Staying on Target

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Jerusalem and Washington must put internal politics aside to move forward on finding a way to make Iran nuclear-free.

The firestorm that has erupted over Israeli Prime Minister Benjamin Netanyahu’s plan to address Congress on the Iranian sanctions issue in March is threatening to overshadow the real issue at hand: What is the most prudent way to proceed with Iran at this juncture?
 
There clearly are two distinct schools of thought, and the usual left-right/hawk-dove/Democrat-Republican split that often characterizes such debates breaks down in this case.
 
On one hand is the Obama administration’s insistence that legislating further sanctions against Iran now would jeopardize the already fragile negotiations between Tehran and the world powers, which are seeking to curb its nuclear capacity. This position, while long held by the administration, burst into a very public and nasty fight over the past few weeks with word that Netanyahu had accepted an invitation from the Republican-led Congress to address a joint session to lobby for just such sanctions.
 
Netanyahu, along with some key congressional leaders — including some prominent Democrats — has long advocated harsher sanctions. They posit that the threat of additional sanctions if a deal is not signed would pressure the Iranians to come to an agreement rather than send them scurrying from the negotiating table, as Obama and Secretary of State John Kerry have argued.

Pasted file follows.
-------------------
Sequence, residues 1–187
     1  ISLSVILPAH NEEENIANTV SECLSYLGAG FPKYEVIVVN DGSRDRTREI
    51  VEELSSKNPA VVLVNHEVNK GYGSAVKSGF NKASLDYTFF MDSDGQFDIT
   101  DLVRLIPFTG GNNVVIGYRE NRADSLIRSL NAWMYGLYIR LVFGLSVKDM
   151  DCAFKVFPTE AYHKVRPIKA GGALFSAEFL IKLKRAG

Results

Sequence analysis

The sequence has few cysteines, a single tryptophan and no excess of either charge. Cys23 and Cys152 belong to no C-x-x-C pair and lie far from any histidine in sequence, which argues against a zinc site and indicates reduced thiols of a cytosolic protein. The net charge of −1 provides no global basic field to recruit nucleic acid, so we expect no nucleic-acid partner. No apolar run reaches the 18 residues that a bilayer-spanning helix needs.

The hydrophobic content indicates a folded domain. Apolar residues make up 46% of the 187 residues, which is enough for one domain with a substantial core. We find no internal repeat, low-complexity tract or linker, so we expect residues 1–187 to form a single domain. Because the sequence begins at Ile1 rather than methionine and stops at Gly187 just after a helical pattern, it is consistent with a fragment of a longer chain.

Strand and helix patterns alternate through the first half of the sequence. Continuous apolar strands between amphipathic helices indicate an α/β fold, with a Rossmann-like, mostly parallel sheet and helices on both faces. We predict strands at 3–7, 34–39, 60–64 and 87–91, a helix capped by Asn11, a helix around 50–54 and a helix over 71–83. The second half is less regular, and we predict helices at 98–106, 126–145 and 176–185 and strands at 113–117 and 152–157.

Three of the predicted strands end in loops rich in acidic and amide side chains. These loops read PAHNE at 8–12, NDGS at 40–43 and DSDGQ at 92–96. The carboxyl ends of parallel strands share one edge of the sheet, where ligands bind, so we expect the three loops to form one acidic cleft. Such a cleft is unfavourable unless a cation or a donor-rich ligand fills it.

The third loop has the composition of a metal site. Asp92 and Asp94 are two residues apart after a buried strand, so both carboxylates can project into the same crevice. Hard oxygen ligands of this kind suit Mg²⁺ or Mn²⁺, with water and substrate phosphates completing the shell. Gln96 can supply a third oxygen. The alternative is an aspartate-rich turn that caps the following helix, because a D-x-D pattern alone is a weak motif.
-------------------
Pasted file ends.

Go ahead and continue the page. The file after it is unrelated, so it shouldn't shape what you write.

Netanyahu has further argued — and rightly so — that no deal is better than a bad deal if a bad deal would intensify the likelihood of an Iran capable of nuclear arms. There is justifiable concern that the world leaders, in their zeal to conclude an agreement, could create a situation where Iran could develop “breakout capability” to quickly develop nuclear weapons that would threaten not just Israel but world stability on many fronts.
 
At the same time, as the talks continue, Iran has halted some key aspects of its program as part of an interim agreement. Of course, Iran would now like to see a further rollback of sanctions without having to make the ultimate commitment to give up its nuclear aims. 
 
At this delicate juncture, a very public spat with the Obama administration does no one good, least of all Israel. President Barack Obama will remain in office for the next two years, and Israel needs his continued support. 
 
Despite the distrust that has emerged between the two leaders, relations between Israel and the United States cannot afford to be strained to the point that personality clashes and mistrust begin to affect policy and strategy.
 
We call on both Jerusalem and Washington to put their internal politics aside and find a way to resolve these issues so the real work — making Iran nuclear-free — can move forward. 

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